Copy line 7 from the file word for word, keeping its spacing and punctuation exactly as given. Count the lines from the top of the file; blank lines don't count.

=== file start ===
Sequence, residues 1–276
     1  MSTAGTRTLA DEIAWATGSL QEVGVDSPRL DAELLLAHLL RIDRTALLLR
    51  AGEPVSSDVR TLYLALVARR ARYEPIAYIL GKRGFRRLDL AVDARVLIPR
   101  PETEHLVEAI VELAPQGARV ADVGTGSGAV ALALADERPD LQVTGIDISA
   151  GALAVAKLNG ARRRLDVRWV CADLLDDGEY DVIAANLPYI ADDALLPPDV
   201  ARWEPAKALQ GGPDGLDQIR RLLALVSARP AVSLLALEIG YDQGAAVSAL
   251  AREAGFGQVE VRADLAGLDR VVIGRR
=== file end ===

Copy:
   251  AREAGFGQVE VRADLAGLDR VVIGRR